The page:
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From impropri(ate) +‎ -ation.



impropriation (countable and uncountable, plural impropriations)

  1. The act of impropriating; putting an ecclesiastical benefice or tithes in the hands of a layman, or lay corporation.
    • Bishop Joseph Hall
      [] this practice of impropriation, which was first set on foot by unjust and sacrilegious bulls from Rome, is justly offensive both to God and good men; as misderiving the well-meant devotions of charitable and pious souls into a wrong channel.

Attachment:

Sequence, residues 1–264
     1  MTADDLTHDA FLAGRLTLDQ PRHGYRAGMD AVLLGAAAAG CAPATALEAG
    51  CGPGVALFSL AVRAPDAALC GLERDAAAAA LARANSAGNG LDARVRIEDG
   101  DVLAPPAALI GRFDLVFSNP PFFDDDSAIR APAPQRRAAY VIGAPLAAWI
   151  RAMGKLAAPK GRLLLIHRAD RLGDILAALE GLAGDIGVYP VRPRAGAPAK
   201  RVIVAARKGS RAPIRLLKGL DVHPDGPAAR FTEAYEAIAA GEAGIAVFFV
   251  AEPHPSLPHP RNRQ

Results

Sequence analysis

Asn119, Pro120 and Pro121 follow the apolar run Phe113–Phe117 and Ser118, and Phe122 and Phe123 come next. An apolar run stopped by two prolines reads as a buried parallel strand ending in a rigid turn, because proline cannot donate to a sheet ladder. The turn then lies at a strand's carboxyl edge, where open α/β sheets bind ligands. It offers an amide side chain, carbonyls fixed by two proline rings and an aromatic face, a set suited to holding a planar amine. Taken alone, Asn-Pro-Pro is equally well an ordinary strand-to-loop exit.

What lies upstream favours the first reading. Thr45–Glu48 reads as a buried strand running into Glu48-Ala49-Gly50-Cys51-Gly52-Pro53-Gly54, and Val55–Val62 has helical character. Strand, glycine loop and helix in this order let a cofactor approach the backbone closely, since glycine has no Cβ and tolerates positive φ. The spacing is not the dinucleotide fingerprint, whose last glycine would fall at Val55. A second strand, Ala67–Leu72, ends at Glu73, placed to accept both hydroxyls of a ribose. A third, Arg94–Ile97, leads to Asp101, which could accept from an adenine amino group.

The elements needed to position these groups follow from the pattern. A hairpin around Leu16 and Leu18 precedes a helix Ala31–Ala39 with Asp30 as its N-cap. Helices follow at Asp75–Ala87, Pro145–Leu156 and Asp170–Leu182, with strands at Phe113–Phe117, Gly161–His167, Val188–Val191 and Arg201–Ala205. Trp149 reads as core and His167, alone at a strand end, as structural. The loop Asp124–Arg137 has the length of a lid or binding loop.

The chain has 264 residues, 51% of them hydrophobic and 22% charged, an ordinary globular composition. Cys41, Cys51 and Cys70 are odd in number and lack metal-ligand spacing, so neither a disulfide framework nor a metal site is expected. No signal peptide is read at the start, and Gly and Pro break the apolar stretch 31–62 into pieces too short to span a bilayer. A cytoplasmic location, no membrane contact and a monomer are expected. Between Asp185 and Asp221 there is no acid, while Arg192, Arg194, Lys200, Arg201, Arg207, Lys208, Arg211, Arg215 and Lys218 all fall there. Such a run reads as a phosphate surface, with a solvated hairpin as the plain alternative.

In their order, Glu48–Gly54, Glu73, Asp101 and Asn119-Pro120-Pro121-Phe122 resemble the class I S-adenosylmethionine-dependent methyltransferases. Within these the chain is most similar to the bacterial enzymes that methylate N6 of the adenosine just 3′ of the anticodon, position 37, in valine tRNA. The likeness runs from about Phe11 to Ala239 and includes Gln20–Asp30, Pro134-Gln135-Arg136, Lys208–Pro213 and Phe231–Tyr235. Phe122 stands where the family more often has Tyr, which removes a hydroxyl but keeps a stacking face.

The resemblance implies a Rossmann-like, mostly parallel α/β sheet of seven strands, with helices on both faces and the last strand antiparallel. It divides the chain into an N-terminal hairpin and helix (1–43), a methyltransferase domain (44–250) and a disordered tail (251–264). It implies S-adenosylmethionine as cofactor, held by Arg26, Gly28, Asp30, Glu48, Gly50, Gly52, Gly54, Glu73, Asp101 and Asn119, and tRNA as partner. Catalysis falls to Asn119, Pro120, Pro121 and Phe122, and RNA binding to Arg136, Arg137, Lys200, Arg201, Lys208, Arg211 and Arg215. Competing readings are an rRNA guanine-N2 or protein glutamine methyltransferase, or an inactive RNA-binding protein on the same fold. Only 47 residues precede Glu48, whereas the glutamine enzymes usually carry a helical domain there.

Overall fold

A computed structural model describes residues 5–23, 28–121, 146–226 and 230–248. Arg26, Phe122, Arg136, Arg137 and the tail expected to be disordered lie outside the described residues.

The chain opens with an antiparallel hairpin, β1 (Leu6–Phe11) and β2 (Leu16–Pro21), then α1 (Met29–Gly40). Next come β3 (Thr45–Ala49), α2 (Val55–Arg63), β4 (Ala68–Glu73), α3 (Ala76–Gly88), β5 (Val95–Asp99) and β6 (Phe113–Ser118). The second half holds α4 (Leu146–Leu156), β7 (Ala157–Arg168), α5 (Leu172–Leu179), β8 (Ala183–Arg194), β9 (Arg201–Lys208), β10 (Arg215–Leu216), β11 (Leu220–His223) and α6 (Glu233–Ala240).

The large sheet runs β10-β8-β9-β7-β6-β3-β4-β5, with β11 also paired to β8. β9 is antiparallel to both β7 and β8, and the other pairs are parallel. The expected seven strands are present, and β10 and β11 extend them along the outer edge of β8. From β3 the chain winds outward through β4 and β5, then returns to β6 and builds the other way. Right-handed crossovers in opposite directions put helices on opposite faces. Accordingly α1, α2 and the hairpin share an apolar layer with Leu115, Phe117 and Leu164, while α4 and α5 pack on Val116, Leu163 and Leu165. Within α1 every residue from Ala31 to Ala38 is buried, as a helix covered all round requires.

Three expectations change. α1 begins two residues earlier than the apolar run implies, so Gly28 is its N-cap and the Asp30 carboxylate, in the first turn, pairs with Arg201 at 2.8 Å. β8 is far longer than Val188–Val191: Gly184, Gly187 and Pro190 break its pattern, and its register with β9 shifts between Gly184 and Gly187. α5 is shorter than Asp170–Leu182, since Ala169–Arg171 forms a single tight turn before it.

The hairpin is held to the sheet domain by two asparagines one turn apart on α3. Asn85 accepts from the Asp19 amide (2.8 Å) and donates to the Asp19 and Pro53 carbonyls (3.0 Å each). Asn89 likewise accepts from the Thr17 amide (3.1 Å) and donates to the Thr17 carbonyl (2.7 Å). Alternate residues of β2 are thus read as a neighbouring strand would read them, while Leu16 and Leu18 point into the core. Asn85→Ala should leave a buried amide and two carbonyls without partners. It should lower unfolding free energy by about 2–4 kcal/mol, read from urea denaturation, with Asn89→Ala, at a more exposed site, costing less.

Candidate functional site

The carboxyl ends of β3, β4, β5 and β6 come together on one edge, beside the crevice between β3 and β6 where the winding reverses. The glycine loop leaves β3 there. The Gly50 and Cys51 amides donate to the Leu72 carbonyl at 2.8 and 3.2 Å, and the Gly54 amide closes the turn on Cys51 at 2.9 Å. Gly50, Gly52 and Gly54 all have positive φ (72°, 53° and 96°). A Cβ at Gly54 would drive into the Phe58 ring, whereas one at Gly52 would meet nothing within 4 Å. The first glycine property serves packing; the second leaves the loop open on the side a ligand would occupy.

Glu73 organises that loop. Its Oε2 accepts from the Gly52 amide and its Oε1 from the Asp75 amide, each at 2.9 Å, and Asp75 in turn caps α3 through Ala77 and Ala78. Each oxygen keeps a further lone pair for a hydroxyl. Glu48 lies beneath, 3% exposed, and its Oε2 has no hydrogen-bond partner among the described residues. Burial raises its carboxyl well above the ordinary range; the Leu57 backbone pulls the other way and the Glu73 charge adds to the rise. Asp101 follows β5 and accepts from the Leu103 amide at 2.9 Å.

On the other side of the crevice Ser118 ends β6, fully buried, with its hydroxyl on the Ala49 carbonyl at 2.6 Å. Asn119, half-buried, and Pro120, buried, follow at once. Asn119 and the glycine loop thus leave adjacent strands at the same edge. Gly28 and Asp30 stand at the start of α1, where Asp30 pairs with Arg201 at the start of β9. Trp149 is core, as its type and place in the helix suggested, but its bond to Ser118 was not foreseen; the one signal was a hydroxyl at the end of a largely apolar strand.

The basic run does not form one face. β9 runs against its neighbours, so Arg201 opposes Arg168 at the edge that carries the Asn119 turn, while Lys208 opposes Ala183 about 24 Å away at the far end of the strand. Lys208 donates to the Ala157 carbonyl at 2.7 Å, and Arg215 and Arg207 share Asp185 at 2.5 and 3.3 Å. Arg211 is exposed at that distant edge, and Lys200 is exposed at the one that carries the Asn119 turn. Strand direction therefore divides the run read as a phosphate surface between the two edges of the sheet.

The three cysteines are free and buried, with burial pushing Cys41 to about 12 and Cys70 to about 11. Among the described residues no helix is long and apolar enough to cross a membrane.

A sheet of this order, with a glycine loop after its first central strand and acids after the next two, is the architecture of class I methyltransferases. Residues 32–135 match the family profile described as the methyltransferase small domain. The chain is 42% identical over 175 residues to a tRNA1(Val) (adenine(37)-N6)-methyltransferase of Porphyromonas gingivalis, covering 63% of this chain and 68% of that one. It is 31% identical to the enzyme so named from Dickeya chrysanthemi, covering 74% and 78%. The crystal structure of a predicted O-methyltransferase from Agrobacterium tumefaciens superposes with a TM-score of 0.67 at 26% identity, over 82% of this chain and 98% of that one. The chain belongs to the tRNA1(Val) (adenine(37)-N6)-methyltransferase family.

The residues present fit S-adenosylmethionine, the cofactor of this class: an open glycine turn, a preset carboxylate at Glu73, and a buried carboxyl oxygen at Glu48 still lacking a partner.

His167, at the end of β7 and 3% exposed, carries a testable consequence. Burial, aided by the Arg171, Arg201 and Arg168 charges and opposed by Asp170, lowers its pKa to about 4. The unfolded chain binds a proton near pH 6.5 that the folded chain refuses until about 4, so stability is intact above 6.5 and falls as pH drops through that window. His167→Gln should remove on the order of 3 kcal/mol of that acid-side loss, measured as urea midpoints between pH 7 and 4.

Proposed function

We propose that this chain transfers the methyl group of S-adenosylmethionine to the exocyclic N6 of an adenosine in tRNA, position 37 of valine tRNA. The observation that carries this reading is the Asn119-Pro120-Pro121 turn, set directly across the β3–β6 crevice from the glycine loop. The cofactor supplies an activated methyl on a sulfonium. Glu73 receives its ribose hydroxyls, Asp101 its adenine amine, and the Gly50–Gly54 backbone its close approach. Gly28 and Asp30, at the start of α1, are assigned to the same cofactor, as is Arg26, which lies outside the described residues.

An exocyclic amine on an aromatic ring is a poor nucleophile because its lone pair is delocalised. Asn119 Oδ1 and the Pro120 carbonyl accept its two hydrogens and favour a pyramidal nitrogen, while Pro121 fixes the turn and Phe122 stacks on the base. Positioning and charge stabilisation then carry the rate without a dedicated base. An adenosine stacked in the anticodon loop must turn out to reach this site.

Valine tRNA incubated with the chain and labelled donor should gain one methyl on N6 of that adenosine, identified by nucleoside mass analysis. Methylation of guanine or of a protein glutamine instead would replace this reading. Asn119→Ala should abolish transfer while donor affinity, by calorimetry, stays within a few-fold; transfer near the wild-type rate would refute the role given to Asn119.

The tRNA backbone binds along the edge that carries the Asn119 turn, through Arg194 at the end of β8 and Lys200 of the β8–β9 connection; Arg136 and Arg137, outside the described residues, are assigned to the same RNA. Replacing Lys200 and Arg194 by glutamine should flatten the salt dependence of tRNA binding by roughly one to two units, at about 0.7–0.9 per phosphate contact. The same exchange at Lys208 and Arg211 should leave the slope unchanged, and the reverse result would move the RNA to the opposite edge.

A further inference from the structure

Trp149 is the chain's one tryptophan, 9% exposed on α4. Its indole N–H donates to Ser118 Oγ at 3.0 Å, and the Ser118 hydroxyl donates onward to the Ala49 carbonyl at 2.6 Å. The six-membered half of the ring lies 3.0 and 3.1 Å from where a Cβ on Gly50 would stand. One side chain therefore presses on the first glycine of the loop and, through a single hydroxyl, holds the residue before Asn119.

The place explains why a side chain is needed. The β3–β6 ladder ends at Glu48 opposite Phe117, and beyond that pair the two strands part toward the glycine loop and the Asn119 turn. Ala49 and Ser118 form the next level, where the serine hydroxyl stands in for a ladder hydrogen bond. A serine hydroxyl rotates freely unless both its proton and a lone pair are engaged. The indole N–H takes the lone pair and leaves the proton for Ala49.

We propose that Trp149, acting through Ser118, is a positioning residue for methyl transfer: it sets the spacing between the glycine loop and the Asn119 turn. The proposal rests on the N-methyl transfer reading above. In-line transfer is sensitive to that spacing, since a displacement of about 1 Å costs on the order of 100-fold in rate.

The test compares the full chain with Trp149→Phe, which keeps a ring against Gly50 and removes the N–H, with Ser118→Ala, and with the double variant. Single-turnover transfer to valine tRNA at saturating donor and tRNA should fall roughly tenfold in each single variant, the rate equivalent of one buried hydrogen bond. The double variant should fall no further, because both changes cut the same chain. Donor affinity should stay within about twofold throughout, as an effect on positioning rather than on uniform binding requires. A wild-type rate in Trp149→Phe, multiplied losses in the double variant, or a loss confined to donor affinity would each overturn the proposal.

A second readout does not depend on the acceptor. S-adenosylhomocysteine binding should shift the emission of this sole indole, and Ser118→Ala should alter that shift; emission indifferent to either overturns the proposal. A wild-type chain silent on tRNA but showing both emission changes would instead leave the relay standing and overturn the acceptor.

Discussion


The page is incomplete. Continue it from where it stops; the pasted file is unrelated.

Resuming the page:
• 1971, Keith Thomas, Religion and the Decline of Magic, Folio Society 2012, p. 95:
      His first work [] attacked the impropriation of tithes by laymen and emphasised the divine punishments customarily inflicted upon the sacrilegious.
  2. A benefice, tithe etc. that has been put in lay hands.